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With its low-slung ranch homes, acres of uninterrupted landscapes, and peaceful way of life, it’s no surprise people are drawn to Joshua Tree. Registered dietitian Jessica Jones first experienced the magic of the national park during a friend’s bachelorette getaway, recalling that “there’s nowhere on Earth like it,” however, there was something amiss. “We were a group of Black girls and at the time we stood out,” she says. 

While Joshua Tree boasts an array of Airbnb’s, it does little for inclusion. “If you go through listings in Joshua Tree, there are lifestyle photos without people of color,” she says. “Why is that? Is it marketing? Are we welcome? It’s always rubbed me the wrong way.” So, Jones set off to build her own paradise, one where inclusion is a priority. 

Finding Her Way

While Jones isn’t an architect, she’s always had a passion for the subject. One of her favorite pastimes is visiting open houses, something she even does while on vacation. When it came to finding her own place in Joshua Tree, she knew she wanted to do something different that told a story. “I wanted to go outside the box of typical desert decor,” she adds. Thus, she began looking at lots and preparing to build from scratch

A Learning Process

“Everything was a challenge and I wanted to quit every other day,” she says. “But, I made a pact with myself not to.” She began watching YouTube videos from Robuilt, a channel for those interested in building, DIYs, tiny homes, and Airbnb, and later met for a consultation. Before then, she had never considered building. 

Jones then called the county. “Fifty percent of the process was calling, calling contractors, people for prep work, and research,” she says. She even called neighbors to ask if properties get flooding or excessive noise, and also discovered an ordinance that doens’t allow construction within 50 feet of  Yucca brevifolia, trees that are up for protection under the California Endangered Species Act. With all in mind, she put five offers on different lots before closing on a five-acre lot on Christmas Eve of 2020.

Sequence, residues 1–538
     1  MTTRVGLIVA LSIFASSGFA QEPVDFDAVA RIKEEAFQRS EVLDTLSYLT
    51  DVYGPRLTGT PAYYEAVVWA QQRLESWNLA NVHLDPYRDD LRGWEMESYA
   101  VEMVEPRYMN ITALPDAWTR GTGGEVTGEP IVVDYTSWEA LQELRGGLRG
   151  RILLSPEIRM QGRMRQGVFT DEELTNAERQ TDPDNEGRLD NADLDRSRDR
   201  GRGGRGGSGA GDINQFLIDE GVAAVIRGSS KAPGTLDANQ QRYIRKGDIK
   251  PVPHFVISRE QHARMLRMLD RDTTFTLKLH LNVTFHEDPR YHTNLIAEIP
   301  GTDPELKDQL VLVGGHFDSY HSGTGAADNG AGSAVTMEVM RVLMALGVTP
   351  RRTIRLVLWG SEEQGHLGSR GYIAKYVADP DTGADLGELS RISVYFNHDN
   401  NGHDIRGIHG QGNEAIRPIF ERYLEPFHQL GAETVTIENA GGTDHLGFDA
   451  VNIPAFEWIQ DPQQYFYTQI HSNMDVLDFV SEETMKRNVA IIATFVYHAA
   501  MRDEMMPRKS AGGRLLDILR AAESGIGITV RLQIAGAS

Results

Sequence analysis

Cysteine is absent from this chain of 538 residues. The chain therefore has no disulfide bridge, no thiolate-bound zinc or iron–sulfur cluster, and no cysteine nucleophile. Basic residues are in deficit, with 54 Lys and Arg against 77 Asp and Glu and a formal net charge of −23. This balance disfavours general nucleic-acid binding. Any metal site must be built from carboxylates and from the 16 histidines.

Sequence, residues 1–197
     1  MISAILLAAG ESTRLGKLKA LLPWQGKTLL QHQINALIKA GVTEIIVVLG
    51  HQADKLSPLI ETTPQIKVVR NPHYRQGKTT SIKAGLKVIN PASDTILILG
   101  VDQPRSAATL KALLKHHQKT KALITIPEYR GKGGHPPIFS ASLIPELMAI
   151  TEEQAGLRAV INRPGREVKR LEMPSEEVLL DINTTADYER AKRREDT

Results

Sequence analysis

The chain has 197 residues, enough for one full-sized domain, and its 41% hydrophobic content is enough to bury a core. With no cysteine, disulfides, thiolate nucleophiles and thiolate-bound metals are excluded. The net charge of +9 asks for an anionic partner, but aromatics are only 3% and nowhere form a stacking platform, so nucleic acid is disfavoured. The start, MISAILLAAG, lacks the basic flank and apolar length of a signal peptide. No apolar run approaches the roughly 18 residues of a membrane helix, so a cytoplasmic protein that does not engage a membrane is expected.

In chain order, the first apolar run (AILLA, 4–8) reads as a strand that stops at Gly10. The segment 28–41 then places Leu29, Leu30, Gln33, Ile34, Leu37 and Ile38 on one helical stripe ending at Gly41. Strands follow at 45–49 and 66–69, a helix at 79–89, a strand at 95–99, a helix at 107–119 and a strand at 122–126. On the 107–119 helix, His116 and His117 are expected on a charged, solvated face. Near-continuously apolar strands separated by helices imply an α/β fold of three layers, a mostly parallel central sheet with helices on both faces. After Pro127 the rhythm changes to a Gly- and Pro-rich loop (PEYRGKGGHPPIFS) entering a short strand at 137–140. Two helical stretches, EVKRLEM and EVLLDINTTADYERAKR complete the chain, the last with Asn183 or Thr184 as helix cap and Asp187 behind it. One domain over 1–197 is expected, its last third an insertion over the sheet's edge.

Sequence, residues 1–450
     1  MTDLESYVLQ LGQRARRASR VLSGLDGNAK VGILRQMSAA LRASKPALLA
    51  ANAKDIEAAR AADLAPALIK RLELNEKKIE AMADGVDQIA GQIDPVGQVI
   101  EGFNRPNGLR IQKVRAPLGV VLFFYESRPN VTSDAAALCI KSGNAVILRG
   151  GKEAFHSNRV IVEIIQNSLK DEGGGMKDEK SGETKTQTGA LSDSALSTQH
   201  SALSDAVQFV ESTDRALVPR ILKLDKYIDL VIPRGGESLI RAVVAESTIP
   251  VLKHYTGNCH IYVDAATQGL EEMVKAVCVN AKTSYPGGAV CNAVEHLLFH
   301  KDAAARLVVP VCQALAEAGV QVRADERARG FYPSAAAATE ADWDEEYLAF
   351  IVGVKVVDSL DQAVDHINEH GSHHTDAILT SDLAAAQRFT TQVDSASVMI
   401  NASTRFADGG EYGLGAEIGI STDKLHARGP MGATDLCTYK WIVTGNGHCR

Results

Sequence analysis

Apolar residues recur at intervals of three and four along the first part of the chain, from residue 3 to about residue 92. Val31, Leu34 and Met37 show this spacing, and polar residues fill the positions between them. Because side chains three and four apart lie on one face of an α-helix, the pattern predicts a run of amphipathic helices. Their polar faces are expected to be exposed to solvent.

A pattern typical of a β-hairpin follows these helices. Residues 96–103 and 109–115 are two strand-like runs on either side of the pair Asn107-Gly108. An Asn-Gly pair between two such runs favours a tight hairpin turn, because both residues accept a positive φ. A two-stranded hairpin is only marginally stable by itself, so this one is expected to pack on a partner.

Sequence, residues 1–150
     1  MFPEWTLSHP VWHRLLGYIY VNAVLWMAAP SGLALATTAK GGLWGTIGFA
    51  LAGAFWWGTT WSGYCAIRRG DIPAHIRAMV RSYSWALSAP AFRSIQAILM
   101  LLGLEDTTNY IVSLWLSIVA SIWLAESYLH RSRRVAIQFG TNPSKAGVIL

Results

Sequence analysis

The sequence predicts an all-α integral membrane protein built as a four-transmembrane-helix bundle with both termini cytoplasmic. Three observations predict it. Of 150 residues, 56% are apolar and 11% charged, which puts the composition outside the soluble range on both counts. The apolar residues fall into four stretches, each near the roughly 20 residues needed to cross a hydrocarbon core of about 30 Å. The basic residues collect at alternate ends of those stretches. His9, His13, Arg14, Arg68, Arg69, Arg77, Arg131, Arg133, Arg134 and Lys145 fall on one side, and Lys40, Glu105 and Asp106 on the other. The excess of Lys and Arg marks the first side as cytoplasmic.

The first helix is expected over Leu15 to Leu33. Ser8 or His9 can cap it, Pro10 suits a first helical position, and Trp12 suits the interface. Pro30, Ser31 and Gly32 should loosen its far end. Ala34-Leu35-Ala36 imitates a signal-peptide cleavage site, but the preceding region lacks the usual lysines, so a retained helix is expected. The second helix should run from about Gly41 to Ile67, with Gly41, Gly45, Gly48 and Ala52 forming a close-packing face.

Unexpected Decor

Instead of leaning into a particular style, Jones led with how she wanted the home to feel. “I want it to feel warm and inspired with some color but not like you’d go in and have an anxiety attack.” The goal was calm yet not too minimalist with a palette of rust, white, black, olive green, and wood, plus a pop of pink in the bathroom courtesy of Fireclay tile. In the small dining area, she chose sleek, modern pieces from Interior Define. Beds are from Article, while art throughout the home was sourced from Society 6.

Go Open-Concept

To maximize space, Jones kept the layout as open as possible. She partnered with Semihandmade for cabinetry in the kitchen, initially deciding on the SSS Agave Beaded fronts but ended up going with the Supermatte White Slab. “I had the lowers in Agave but the way the light hit the cabinets, they looked baby blue. Semihandmade was really nice about letting me swap to the white and it looks so much better,” she says. The kitchen opens right in the living and dining areas, while the bedrooms are more private. 

Be Flexible

One of the biggest lessons Jones has learned has a first-time homebuilder was flexibillty. “The job wasn’t local to me at the time,” she says. “It was tough sometines beause I wouldn’t see things until they were installed.”

And when it comes to renting out the home, that has brought its own set of challenges and surprises. “We were 100 percent booked in February,” she recalls, “It’s unique but also simple and people have been drawn to it.” 

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